I recently sat down to meditate and, in order to clear my head before I started, I decided to respond to one Facebook message so it would be off my mind and I could focus on my meditation. Two hours later...
It's a common theme for me, rabbit holing. This time, for me, Facebook led to Pinterest which led to links of articles about Shonda Rhimes saying yes and the latest polls in Nevada, to a couple of fashion blogs and then offline to send a few unrelated texts, save some photos which sparked ideas for future stories, blogs, scenes, characters and ghostwriting projects. All of this in one adventure down my rabbit hole. So, not all bad. The problem is I can get so enamored with each of those it can keep me from the designated task at hand.
So, what is it, exactly, the rabbit hole? It was made famous through the brilliant mind of Lewis Caroll.
"The little girl just could not sleep because her thoughts were way too deep, her mind had gone out for a stroll and fallen down the rabbit hole." ~ Lewis Caroll, Alice in Wonderland
For Alice, she "fell very slowly, for she had plenty of time...to look about her, and to wonder what was going to happen next."
Ah, there's the hypnotic pull of the rabbit hole.
Once she landed with a "thump, thump, thump" the adventure had just begun. She turned corners and went down a "long, low hall" where she tried several locked doors. Then, she found a key which fit into a door behind a curtain. That led to a tiny passage way which led to garden, but she couldn't get to it because she was too tall. Then, ta dah, a bottle appeared that said "Drink Me," which Alice did and shrunk to ten inches tall, so she could enter the garden. By now, she "had begun to think that very few things indeed were really impossible."
The rabbit hole often gets a bad rap, as a dark place with no end and no escape. One friend said that’s where she goes when she thinks about sad, depressing things. One said that’s where his downward spiral is and when he’s there he just keeps spinning. Another said, her rabbit hole is paved with sugar, with a chocolate cake at the end of it.
What’s in your rabbit hole? Where does your mind go on its stroll?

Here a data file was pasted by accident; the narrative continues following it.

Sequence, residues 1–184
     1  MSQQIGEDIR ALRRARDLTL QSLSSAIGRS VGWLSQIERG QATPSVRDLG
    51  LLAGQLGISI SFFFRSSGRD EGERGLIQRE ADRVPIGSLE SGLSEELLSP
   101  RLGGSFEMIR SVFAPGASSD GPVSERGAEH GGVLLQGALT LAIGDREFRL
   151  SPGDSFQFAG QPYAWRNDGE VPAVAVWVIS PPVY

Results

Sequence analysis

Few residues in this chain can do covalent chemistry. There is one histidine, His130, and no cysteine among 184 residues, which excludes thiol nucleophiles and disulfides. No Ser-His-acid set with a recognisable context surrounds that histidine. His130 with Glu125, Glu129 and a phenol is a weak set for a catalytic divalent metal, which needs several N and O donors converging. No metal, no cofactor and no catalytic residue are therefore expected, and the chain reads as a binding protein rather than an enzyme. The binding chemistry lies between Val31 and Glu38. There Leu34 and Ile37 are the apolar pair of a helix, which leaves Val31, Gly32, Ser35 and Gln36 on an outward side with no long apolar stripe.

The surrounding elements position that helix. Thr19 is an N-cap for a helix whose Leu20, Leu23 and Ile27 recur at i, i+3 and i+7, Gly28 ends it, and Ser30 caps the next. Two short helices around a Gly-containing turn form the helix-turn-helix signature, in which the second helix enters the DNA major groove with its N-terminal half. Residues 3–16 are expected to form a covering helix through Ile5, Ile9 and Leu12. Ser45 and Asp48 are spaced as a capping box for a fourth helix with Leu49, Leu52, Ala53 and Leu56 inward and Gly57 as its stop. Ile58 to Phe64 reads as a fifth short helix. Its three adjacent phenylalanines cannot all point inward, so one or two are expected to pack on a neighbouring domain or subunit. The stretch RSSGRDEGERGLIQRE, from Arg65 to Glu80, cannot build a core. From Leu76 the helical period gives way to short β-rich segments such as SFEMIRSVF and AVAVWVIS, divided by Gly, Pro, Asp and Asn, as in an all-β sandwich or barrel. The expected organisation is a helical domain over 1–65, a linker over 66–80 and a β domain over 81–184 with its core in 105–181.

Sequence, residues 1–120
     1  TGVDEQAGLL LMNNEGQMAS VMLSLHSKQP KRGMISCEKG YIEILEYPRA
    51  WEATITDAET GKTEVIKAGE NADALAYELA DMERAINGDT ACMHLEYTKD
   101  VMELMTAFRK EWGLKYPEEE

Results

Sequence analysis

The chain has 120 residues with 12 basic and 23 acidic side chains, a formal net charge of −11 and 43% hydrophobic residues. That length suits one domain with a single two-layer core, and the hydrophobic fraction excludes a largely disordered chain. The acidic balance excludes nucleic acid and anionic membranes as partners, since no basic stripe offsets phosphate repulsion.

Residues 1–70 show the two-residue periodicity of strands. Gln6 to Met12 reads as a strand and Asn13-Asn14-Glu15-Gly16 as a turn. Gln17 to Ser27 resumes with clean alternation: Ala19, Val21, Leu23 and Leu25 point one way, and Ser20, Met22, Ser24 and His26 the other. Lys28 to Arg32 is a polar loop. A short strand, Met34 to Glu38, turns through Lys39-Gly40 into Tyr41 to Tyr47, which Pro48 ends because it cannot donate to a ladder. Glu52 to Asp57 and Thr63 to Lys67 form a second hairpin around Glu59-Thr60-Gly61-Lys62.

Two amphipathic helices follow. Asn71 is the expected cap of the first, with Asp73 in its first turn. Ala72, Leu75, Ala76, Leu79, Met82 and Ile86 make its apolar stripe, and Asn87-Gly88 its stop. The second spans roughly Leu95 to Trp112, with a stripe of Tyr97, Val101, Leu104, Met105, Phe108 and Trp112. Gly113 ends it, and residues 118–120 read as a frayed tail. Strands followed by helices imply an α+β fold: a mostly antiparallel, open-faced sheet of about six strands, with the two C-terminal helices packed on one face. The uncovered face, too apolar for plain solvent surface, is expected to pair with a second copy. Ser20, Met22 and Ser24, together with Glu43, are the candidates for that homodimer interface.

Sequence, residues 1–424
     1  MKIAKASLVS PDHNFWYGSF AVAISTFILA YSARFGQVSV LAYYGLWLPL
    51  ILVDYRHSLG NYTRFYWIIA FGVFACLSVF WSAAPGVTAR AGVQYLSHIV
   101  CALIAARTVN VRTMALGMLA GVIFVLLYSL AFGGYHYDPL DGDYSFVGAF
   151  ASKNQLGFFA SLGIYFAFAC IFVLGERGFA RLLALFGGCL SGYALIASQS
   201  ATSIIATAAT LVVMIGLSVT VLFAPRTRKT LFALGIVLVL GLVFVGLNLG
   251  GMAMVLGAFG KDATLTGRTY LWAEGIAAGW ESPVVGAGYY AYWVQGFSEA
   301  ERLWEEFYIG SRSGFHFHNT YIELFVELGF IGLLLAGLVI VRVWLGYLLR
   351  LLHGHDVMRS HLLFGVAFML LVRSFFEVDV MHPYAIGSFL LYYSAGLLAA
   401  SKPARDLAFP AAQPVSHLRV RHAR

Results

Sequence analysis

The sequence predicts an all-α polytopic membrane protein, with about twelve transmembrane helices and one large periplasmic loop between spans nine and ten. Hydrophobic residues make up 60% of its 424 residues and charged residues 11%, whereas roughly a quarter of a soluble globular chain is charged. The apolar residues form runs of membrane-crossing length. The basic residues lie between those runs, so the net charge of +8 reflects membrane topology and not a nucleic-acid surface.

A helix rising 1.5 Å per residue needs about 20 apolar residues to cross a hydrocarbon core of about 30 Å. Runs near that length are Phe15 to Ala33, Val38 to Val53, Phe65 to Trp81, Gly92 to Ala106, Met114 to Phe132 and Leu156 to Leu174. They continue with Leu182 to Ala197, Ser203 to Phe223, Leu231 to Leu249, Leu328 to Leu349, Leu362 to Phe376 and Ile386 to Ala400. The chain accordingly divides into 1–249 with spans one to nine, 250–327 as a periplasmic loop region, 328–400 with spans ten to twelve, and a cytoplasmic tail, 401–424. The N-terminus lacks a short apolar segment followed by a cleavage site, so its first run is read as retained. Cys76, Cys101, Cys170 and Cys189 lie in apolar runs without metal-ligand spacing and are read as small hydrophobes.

This got me thinking about what we can control in our environment and what controls us. Because, here’s the thing. It’s your rabbit hole. You can design, decorate and infuse it with whatever you want, with whatever is going to serve you in that moment. Actually it’s a good thing to have a dark place to go to when you need to explore your feelings, a place that feels safe and private. But, when it starts to feel rabbit holey, the good news is, since it’s your rabbit hole, you can turn on the light anytime you want. Who knows what you might discover in there with a little light on the subject?
So, I decided to turn on the light and take a good look around my rabbit hole. On the way down, not surprising, it’s covered with shiny objects, interesting pictures, all kinds of knobby things on which I can get caught, plus enticing doors that lead to who-knows-where in corridors I must peruse. The truth is, it is filled with wonder. Because, I choose it to be. I always seem to come out with nuggets and gems I didn’t have before my journey there.
One of the characteristics of rabbit holing is a lack of focus or sense of direction, time and space. So, this is where you start owning your own rabbit hole.
First, recognize that you are, in fact, in the rabbit hole. Secondly, don't judge yourself for being there. Self-judgment is the number one deterrent to self-acceptance. TweetThis [source: @cindyyantis]
Turn on the light. Look around and decide what it looks like. What color is it? Is there furniture? Fancy light fixtures? Art on the wall? Give it a bit of structure.
Is it worth sticking around for a bit to discover why you’re there? When you think about it, a rabbit has very specific reasons for digging his hole, rather than it just being a day in the park. He’s looking for safety or food or sleep time or a sense of home. What are you looking for?
Give yourself a time limit. Okay, 10 more minutes in this corridor and then it’s back to the task at hand.
Give yourself freedom within the parameters of your redecorated rabbit hole. That way you decide if you stay there or move onto to a different wonderland. Part of the freedom of designing your own rabbit hole is that it’s not about any destination or conclusion, but rather the fresh experience while you’re there and what you might take with you when you leave.
Honor your rabbit hole. Yours is like no other. And, your next one will be unlike the one before that. Enter it with a sense of wonder.
In fact, when you learn to love the rabbit hole, it really is no wonder when Lewis Caroll called it “Wonderland.”
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Cindy Yantis is the Thought Changer Blog creator & curator. She is a freelance writer living in Los Angeles. For more info: CindyYantis.com